Reprinted from Consortium News
Now that the National Football League has arranged for a corporate-friendly court in Manhattan to hear a federal lawsuit brought by suspended New England Patriots quarterback Tom Brady -- and the court has made clear it doesn't want a full-scale trial, only a negotiated settlement -- we may never know what really happened in the overblown "Deflategate" controversy.
But how this controversy has been handled -- by the NFL, the mainstream media and much of the American public -- is instructive regarding what's gone wrong in this country's approach toward information and evidence. We are now routinely manipulated into Orwellian "Two Minutes Hate" sessions directed at designated "villains," whether Iraq's Saddam Hussein, Russia's Vladimir Putin or the Patriots' Tom Brady.
We saw where the 1984-like "Two Minutes Hate" session got us regarding Saddam Hussein and his treacherous hiding of WMD. And we are currently living with the increased danger of thermo-nuclear war because our "Two Minutes Hate" session toward Putin has lasted for two years.
Obviously, the Brady case is less consequential but perhaps even more illustrative because Brady was -- until this controversy -- a respectable American citizen, the 199th pick in the 2000 NFL Draft, considered a poor athlete who couldn't make it in professional football but who defied his skeptics and worked his way up to the highest levels of his profession, taking his team to six Super Bowls and winning four.
But Brady's success earned not just plaudits from admirers but animosity from many rival fans and, more significantly, from rival teams' owners, a pack of highly ambitious men who have invested huge sums in their franchises and who hate to lose.
If we step back for a moment, we would realize that almost everything that we have heard about the "Deflategate" saga has been from the NFL's side of the story, reflecting the clear interests of the rival owners who have bristled over the Patriots' and Brady's dominance of the league for the past 15 years.
Indeed, an alternative way to view this "scandal" is that these rival owners -- tired of losing to the Patriots and to Brady -- are trying to rig the upcoming season by barring Brady from four games and then to handicap the team into the future by stripping it of first- and fourth-round draft picks.
You might have thought that these rival owners would have been excluded from Brady's case, much as Patriots owner Robert Kraft was. But the direct role of these rival owners in pressing for Brady's four-game suspension was reported (in passing) by ESPN and acknowledged (in a backhand way) by NFL Commissioner Roger Goodell's 20-page report rejecting Brady's appeal.
In the report, Goodell referenced input from the NFL's Management Council in taking positions hostile to Brady. The Management Council consists of team owners who not only are tired of losing to the Patriots but hold the strings to Goodell's $35 million salary.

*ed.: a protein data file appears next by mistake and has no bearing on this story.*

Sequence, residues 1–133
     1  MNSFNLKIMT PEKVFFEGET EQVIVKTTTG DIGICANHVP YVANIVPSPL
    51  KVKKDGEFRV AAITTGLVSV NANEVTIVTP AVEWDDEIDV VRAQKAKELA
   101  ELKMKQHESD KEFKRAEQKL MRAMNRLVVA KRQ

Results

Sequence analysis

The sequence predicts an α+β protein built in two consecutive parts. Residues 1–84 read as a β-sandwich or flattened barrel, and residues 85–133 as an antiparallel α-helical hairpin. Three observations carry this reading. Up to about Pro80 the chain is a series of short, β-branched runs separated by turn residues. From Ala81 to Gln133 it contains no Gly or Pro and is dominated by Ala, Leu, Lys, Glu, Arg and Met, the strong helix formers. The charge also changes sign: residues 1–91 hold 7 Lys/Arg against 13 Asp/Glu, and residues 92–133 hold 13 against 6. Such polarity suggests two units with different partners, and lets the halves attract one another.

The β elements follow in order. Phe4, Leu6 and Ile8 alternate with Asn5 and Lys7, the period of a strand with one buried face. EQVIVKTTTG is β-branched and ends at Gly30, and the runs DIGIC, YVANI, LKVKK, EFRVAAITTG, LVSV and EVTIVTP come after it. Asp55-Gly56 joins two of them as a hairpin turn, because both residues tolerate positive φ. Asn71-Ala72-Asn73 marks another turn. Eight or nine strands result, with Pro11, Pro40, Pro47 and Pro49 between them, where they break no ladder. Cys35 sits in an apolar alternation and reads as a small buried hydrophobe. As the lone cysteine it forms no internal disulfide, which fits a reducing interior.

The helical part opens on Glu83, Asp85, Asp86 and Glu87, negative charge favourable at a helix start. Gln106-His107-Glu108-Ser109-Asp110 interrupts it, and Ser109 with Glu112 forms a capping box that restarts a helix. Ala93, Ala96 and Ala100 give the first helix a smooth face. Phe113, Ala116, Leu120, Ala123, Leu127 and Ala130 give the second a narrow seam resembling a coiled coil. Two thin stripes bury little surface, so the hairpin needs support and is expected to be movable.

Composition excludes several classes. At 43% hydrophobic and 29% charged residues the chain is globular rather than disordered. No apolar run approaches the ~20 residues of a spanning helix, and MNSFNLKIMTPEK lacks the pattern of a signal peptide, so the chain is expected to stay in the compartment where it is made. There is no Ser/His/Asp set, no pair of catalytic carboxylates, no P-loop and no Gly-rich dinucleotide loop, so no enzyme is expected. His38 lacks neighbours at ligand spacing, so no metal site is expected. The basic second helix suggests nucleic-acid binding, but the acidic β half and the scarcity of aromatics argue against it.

Two Prosecutors' Briefs
So, perhaps not surprisingly, what the NFL has produced are two prosecutors' briefs, one by outside counsel Ted Wells and one by Goodell. However, rather than treat these accusations as just one side of the story, the mainstream media -- from The New York Times to ESPN -- has treated these tendentious reports as gospel truth and downplayed or mocked follow-up denials by Brady and the Patriots.
The federal court case offered Brady his one chance to move from playing defense to offense. But the NFL preempted the possibility of Brady's case being heard in a relatively sympathetic venue and instead rushed to file first in a Manhattan court considered favorable to management.
If not for the waves of hatred directed toward Brady, some Americans might wonder why the NFL is going to such lengths to prevent Brady from getting a relatively fair hearing. What are the questions that Brady's lawyers might have asked if they had a chance, which they may not now? Here are a few areas of vulnerability in the NFL's case:
Problems with the first predicate. According to the official narrative of Deflategate, the Indianapolis Colts came to suspect that the Patriots were deflating footballs after the Colts intercepted two of Brady's passes during a nationally televised game on Nov. 16, 2014, which the Patriots won 42-20, continuing their lopsided dominance of the Colts. But there are gaps in the Colts' story.
First, the game was played at Lucas Oil Stadium in Indianapolis, meaning it was a Colts' home game -- and as we have learned from the Deflategate record, the home team controls both teams' footballs after they are inspected by the referees before the game. A home-team employee carries them to the field, meaning that any tampering by the Patriots would have had to occur in front of tens of thousands of people and hundreds of cameras, but no one has presented such evidence.